Patient Case Study 1

PCR for Gastrointestinal Infections
Before PCR Testing

Audrey was born 12 weeks premature at a hospital with a level III neonatal intensive care unit (NICU).

Later, she developed the symptoms of a gastrointestinal (GI) infection. Based upon her worsening condition, the doctor suspected a possibility of necrotizing enterocolitis (NEC).

NEC is a devastating disease that affects the intestine, mostly in premature infants, with a 25 percent mortality rate.1

The cost of NEC is $180,000 to $198,000/infant and nearly doubles to $313,000/infant for surgically treated NEC. In the first 3 years of life, NEC survivors also accrue substantially higher outpatient costs.
(citation:1Advances in Nutrition, Volume 8, Issue 1, January 2017, Pages 80-91, https://doi.org/10.3945/an.116.013193

PCR for Gastrointestinal Infections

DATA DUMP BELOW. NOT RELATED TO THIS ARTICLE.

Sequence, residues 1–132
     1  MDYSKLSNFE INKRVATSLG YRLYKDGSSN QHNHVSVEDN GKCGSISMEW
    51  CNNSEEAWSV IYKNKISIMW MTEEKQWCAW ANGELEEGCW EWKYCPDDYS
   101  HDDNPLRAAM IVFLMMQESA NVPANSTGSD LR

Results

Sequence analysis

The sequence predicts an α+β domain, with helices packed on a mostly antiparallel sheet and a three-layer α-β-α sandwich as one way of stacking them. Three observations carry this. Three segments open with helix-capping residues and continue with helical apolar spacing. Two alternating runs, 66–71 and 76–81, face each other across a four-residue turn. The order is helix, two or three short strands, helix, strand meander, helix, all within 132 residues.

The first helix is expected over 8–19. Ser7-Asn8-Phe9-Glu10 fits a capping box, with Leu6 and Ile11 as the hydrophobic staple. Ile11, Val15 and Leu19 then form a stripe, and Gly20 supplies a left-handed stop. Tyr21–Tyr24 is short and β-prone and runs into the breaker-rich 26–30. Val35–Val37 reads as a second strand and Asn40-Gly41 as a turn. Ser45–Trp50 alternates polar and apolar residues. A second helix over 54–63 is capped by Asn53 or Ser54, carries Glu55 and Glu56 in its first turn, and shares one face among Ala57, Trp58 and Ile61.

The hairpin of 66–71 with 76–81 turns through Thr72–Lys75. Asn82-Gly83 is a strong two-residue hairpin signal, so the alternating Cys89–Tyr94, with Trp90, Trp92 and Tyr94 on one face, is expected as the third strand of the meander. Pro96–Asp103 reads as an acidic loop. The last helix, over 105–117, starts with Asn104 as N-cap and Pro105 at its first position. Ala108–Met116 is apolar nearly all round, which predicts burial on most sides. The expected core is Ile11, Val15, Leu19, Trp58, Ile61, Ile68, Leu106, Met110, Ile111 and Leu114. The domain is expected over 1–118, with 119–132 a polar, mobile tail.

After PCR Testing

Enteroinvasive E. coli and Staphylococcus aureus infections were identified with the help of HealthTrackRx.

The HealthTrackRx report also included antimicrobial resistance genes and identified the Staphylococcus aureus as harboring the mecA gene, indicative of methicillin resistant (MRSA). Audrey’s antibiotic treatment was adjusted, and actions were taken to address the MRSA detected.

Five days later, and two days after Audrey finished her antibiotic treatment, the culture and sensitivity test results confirmed E. coli as the source of the infection, and reinforced the antibiotic used for treatment.

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